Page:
Mesophytes

Mesophytes represent the group of plants that can neither grow in the complete aquatic habitat nor the dry or water-scarce conditions. They are the land plants showing features similar to both hydrophytes and xerophytes.

They grow under favourable conditions, where the concentration of water and temperature are not too high and not too much low. Both the vascular and mechanical tissues are highly developed and differentiated in mesophytic plants.

Mesophyte plants require stable atmospheric conditions or temperate zone, where the conditions are not too dry and wet. In this post, we will discuss the meaning, examples, characteristics, adaptations of the mesophytes.

Content: Mesophytes

  1. Meaning
  2. Examples
  3. Characteristics
  4. Adaptations
  5. Conclusion

Mesophytes Meaning

Mesophytes refer to the community of terrestrial plants, which can neither adjust in too wet nor in water-scarce conditions. In simple words, they require a moderate amount of hot and humid climatic conditions. Mesophyte plants inhabit the soil that provides an average dry-wet environment for overall growth.

Mesophytes constitute the largest ecological community of land plants. It includes two significant communities, depending upon the ecological conditions, namely the community of grasses and herbs and the community of woody plants.

Mesophytes Examples

Mesophytes are a group of plant species that include two major communities.

The Community of Grasses and Herbs

It includes perennial grasses and herbs, which are further classified into:

  1. The Arctic and alpine mat grasslands and mat herbage
  2. Meadow
  3. Pasture on cultivated land.

The Arctic and alpine mat grasslands and mat herbage represent a particular group of mesophytes that are ubiquitous in Polar Regions and mountain tops. They include small-sized soft shrubs.

The mat grasslands include members of the Gramineae family, and the examples are dicot herbs like Ranunculus, Saxifraga, Delphinium, Potentilla etc.
Arctic and Alpine mat grassland and mat herbage

Meadow represents an intermediate link between the mesophytes and hydrophytes, and it requires 60-83% of moisture content. It includes the members belonging to the Compositae, Papilionate etc.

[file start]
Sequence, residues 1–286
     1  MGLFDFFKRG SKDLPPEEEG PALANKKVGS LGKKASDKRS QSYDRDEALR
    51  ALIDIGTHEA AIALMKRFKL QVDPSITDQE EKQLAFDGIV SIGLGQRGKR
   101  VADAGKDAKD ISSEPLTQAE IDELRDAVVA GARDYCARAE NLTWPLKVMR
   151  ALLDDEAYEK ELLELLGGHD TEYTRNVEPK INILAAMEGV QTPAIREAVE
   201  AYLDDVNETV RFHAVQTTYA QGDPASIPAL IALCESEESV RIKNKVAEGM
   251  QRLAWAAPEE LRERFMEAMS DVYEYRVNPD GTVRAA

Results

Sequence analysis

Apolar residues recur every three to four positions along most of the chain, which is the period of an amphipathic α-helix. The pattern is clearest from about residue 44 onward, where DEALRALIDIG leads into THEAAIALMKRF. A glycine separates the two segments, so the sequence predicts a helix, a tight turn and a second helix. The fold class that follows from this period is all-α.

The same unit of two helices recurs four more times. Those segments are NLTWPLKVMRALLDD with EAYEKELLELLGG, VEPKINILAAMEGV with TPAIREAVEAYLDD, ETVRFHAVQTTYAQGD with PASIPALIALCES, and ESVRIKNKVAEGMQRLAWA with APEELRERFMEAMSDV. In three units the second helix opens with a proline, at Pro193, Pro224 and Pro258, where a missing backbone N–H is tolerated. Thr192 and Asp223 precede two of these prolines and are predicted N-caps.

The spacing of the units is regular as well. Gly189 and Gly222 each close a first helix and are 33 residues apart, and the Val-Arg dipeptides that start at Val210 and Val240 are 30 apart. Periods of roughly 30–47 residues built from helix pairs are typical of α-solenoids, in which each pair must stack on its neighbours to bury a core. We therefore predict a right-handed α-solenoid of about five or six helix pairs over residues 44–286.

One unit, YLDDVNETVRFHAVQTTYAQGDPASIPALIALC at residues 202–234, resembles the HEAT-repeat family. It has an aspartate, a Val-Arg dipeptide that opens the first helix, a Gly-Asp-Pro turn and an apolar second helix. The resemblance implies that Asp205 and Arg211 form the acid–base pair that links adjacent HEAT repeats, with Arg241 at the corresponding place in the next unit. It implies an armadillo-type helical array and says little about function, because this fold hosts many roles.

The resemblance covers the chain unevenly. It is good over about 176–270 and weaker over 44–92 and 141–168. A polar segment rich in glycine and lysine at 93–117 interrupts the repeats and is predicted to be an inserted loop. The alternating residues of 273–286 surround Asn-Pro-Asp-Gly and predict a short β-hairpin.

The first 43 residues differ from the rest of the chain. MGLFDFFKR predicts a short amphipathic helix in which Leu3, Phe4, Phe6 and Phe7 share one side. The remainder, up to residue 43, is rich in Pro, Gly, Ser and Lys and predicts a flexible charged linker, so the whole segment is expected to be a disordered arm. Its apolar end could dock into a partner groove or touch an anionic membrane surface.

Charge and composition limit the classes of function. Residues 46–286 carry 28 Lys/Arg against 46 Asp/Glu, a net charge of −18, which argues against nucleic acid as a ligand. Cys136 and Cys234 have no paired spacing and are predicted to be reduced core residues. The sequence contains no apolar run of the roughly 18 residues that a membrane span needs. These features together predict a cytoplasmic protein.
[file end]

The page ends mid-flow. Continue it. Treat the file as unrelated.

Pasture on cultivated land has a shorter period of vegetation, where the population or density of the plants is disturbed by grazing. It involves dicot herbs, grasses and mosses.
Pasture on cultivated land

The Community of Woody Plants

It includes bushlands and forests. The community of woody plants is further classified into:

  1. Mesophytic bushlands
  2. Deciduous forests
  3. Evergreen forests.

In mesophytic bushlands, the temperature is not too favourable for the forest plants but much feasible for the mat herbage vegetation, including plants like Arabis, Salix, Lathyrus, etc.
Mesophytic bushlands

Deciduous forests are distributed in the temperate, cold or tropical regions where the annual rainfall is upto 80-150 cm. They are characterized by the periodic defoliation of leaves after every 5-8 months of foliation. They include Betula birch forest, Quercus oak forest etc.
deciduous forests

Evergreen forests are distributed in tropical and sub-tropical regions. They are common in the cold temperate zone of the Southern Hemisphere.

  • Sub-tropical evergreen forests are found in areas with heavy rainfall, and the plants reach a length of 30 metres like the montane forest, pine forest etc.
  • Tropical evergreen forests are found in low lying regions with an annual rainfall of 180 cm or more, and the plants are 40-50 metres in height like palm forest etc.